Kitty Syster

As teachers you have “everyday interactions” with children every day. These occur naturally with or without thought or intention. Everyday interactions can be good, bad or neutral. As you continue reading you will find ways to turn some of those everyday interactions into powerful interactions.

A “Powerful Interaction” is a very intentional and purposeful exchange between a teacher and a child that can have a significant and highly positive impact on learning. (Dombro, Jablon, & Stetson, 2011)

A powerful interaction has 3 steps: 1. Be present, 2. Connect, 3. Extend learning.

Step 1: Be present. This means to really stop and think about what a child is doing before you approach them for an interaction. You can do this in a few seconds by glancing around your classroom and focusing on what is engaging a child. Next, clear your mind; make sure you are “present” in your mind and that you are thinking about the child and how to best interact with his or her personality. Many things around us can constantly distract our minds. Sometimes simply taking a deep breath can help clear your mind of the distractions around you. Remember that every child has a different personality and temperament and that each one reacts differently to your personality and temperament. Use your knowledge from past interactions to help shape the powerful interaction you are about to have with the child. Acknowledge in your mind what they are doing and what you would like to accomplish with your interaction.

Step 2: Connect. “Connecting means observing what is interesting and significant about what the child is doing, saying, and thinking. It means letting the child know that you see her, are interested in what she is doing, and want to spend some time with her.” (Dombro, Jablon, & Stetson, 2011) When you approach the child, state what the child is doing in a positive manner. This shows your interest in them which helps build their trust and confidence. As you connect with the child remember to stay in the moment and be respectful of the child. The more you connect with each child the more you will learn about them and how they best relate to you and others. This also helps the child grow more secure and trusting with you. As you learn about each child’s personality you will be able to better shape your strategies to improve not only their learning but also their behaviors. When trying to connect with a child don’t worry about being rejected. Sometimes children just want to be alone, and as a teacher, you should respect that decision and try again later.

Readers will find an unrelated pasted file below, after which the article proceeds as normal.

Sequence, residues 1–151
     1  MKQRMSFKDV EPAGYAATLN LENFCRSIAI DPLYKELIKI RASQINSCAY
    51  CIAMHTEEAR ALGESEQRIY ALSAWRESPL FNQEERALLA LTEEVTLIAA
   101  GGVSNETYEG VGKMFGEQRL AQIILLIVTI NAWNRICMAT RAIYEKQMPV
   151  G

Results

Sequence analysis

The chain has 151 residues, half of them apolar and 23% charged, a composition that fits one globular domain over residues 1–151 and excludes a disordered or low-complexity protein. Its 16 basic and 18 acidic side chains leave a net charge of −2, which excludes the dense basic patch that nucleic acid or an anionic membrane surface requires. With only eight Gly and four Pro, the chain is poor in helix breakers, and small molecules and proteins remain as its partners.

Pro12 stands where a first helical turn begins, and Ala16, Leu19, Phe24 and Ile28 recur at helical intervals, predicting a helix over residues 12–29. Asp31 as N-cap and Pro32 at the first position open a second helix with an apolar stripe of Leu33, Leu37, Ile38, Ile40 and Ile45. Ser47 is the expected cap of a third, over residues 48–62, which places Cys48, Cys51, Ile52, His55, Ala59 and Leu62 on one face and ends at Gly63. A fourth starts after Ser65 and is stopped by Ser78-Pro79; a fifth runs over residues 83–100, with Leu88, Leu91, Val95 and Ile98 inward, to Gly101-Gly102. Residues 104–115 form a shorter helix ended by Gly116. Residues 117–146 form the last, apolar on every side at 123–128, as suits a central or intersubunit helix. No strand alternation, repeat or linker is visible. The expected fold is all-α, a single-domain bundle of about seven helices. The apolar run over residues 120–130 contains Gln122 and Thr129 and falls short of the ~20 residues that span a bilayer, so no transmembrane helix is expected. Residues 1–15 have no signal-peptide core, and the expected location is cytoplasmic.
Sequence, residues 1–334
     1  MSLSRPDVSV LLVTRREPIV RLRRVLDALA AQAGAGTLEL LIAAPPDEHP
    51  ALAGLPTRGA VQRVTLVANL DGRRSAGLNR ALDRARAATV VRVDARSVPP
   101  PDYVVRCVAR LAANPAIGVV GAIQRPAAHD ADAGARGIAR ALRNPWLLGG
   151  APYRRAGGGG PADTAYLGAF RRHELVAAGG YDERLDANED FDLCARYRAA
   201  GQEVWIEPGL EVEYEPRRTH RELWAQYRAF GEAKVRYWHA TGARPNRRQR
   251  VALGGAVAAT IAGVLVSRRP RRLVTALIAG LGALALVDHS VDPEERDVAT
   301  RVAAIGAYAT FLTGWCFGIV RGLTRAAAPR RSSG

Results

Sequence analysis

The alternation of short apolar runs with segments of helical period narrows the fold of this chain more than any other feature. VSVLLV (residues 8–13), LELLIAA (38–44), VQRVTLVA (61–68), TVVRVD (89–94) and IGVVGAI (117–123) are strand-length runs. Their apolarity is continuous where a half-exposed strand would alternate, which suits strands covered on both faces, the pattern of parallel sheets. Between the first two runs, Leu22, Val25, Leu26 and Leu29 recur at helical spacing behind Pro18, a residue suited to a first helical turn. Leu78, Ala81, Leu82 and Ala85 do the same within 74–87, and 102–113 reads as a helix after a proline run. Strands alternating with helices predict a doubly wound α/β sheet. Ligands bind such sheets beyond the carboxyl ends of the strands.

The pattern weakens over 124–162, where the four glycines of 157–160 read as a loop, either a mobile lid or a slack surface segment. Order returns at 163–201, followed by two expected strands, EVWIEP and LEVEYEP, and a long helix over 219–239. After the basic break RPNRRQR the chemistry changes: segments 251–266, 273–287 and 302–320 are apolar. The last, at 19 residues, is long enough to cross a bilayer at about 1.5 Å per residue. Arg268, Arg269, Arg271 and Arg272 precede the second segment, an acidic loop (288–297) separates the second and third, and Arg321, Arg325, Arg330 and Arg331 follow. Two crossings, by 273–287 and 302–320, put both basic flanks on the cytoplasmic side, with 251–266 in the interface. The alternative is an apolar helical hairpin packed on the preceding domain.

Step 3: Extend Learning. Expand on what the child is doing. Do not correct what they are doing, just add to it. This expands the child’s knowledge and encourages him to try new things. “You not only model for the child how to learn, you also stretch the child’s thinking and knowledge – all in a way that is just right for that child.” (Dombro, Jablon, & Stetson, 2011) As you begin to think about how you are going to extend the child’s learning, remember that you are looking for a teachable moment.

Ask yourself:

  • What is the right content to teach at this moment?
  • Where is this child in their learning and what would be the next step?
  • How do I make it meaningful for this child?

When learning about powerful interactions it may seem like you are spending a lot of time just thinking, but as you practice you will realize you can assess and think through the situation in just a few seconds.

Not every interaction can be a powerful interaction, but the more you use them, the easier they become and the more the children learn and grow.

Last but not least, be realistic with yourself. Sometimes there is too much activity going on in a classroom to spend 1 to 5 minutes fully engaged with an individual child. Look for times in your schedule when the children are actively involved in playing and learning independently so you can have powerful interactions.



Dombro, A. L., Jablon, J., & Stetson, C. (2011). Powerful Interactions: How to connect with children to extend their learning. Washington, DC: NAEYC.



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